That set the stage for the deciding game, which the Dodgers led 4-1 going into the ninth inning. But Dodger starter Don Newcombe tired in the ninth, surrendering a leadoff infield single to Alvin Dark, another single to Don Mueller, and then, after Monte Irvin fouled out, a two-run opposite field double by Whitey Lockman. On the play, Mueller severely sprained his ankle sliding into third and as he was attended to and finally removed from the game for pinch-runner Clint Hartung. Dodger manager Charlie Dressen summoned Branca from the bullpen to replace Newcombe with Thomson coming to the plate. "The delay really helped me," Thomson later said. "I walked out to talk to (Giants manager) Leo (Durocher) and he said: 'If you ever hit one, hit one now.' I could see he was plenty excited, too, and I calmed down a bit.

"On my way back to the plate, I said to myself: 'You're a pro. Act like one!'"

Like Newcombe, Branca had been used extensively as Dressen desperately sought to hold off the surging Giants, and after pitching 1-1/3 innings of relief in the last game of the season and eight more innings the next day as the Dodgers' starter in the Game 1 of the playoff, he didn't expect to be called on again two days later. But when Dressen called down to the bullpen, Clyde Sukeforth, the bullpen coach, reported that Carl Erskine had bounced a ball in the dirt, and the Dodger manager told him to send in the burly righthander instead.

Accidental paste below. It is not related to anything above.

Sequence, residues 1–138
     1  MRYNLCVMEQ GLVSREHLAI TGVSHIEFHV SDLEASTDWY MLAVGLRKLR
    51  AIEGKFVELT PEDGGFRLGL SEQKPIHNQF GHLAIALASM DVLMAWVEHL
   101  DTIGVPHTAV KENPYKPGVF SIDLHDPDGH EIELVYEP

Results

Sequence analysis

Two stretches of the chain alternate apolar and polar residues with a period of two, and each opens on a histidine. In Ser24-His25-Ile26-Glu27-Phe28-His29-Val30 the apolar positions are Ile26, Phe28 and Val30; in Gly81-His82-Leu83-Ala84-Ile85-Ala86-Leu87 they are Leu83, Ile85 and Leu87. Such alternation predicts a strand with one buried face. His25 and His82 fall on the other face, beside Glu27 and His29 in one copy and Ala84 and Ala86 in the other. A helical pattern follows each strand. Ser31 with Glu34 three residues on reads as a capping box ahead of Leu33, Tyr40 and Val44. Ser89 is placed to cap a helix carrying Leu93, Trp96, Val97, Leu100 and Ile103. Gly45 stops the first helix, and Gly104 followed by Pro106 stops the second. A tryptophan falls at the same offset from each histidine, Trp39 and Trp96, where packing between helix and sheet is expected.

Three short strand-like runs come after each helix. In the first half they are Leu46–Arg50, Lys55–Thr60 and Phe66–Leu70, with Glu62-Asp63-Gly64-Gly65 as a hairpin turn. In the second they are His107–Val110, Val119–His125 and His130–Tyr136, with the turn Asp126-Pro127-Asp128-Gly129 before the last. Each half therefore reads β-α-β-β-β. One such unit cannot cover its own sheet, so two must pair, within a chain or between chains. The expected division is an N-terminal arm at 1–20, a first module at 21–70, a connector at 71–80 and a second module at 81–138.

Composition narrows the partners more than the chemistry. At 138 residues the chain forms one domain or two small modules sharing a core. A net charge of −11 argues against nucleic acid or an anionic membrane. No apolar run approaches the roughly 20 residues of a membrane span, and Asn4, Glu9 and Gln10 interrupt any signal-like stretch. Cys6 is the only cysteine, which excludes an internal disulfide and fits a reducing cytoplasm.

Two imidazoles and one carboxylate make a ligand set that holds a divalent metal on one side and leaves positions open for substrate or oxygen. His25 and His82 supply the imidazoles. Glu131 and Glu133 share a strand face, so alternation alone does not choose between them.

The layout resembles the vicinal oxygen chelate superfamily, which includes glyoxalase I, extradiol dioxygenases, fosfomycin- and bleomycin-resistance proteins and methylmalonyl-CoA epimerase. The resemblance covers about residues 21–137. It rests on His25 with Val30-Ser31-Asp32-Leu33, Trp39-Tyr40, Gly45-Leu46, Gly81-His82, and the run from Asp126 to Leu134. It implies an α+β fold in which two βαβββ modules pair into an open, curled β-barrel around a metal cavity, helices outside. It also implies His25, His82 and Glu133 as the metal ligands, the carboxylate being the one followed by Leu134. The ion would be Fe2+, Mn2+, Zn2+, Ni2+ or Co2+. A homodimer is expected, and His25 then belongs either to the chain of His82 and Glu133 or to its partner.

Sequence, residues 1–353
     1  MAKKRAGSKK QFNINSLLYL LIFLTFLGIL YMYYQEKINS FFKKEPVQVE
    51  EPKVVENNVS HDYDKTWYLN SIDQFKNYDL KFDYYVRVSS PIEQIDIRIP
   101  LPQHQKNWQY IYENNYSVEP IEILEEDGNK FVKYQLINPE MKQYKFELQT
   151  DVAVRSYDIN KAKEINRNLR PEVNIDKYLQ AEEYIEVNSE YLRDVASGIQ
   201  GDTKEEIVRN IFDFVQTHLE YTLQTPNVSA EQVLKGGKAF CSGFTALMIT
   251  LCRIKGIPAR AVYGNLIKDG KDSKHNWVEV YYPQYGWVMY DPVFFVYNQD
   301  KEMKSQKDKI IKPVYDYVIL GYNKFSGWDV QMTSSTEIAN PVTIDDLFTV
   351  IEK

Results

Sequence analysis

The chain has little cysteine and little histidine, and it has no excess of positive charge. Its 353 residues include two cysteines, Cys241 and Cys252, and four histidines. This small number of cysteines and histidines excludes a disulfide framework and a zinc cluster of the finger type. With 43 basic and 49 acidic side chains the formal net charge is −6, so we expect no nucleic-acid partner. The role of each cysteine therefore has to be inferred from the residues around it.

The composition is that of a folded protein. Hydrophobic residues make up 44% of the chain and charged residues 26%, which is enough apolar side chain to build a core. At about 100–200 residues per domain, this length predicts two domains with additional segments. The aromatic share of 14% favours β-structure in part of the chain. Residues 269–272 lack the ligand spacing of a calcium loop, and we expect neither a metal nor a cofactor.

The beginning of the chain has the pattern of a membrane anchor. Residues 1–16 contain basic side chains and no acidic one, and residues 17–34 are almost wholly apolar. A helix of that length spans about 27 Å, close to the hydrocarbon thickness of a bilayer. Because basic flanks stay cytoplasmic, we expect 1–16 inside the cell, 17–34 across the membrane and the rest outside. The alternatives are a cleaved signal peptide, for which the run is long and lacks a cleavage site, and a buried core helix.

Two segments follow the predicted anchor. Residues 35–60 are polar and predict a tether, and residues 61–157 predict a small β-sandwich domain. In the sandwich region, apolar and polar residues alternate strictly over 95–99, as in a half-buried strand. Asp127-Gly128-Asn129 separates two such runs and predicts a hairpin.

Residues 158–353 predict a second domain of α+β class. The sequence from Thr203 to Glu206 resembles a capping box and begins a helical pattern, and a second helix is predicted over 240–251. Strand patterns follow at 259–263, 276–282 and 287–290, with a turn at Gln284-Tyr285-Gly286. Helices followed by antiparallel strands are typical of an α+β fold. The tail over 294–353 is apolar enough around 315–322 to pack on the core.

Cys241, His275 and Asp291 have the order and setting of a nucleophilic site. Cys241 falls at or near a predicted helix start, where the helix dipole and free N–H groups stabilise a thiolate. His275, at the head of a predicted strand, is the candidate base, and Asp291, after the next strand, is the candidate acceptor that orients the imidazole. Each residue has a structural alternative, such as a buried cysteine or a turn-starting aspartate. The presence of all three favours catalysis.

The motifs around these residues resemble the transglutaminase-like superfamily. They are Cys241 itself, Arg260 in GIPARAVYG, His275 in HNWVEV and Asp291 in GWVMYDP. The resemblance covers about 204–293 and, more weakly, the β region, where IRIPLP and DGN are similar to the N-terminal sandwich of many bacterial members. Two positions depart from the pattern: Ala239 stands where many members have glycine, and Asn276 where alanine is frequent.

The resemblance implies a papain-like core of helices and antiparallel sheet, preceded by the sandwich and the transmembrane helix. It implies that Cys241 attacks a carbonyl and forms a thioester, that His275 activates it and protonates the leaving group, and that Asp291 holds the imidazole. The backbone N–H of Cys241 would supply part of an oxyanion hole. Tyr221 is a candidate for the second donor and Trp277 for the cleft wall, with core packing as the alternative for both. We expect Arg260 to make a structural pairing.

To say his name - Bobby Thomson - was to resurrect the memory of a moment, a moment of sports history elevated into transcendence by a city's primordial currents.

There was nothing so special about Bobby Thomson in the life of New York as things went before the midpoint of the 20th century. He was an immigrant from Scotland during a wave of European immigration. He lived on Staten Island. He played ball. He was good enough for the majors, above average but not great.

 

But then came the moment. An outfielder for the New York Giants, he came to the plate in the team's home field of the Polo Grounds, Oct. 3, 1951, bottom of the ninth in the game that would decide whether the Giants, of upper Manhattan, or the Dodgers, of Brooklyn, won the National League pennant.

On the mound for the Dodgers was, of course, Ralph Branca. And there the ball went, off Bobby Thomson's bat and over the left field wall, as announcer Russ Hodges brought ecstasy and desolation with the call, "The Giants win the pennant! The Giants win the pennant!"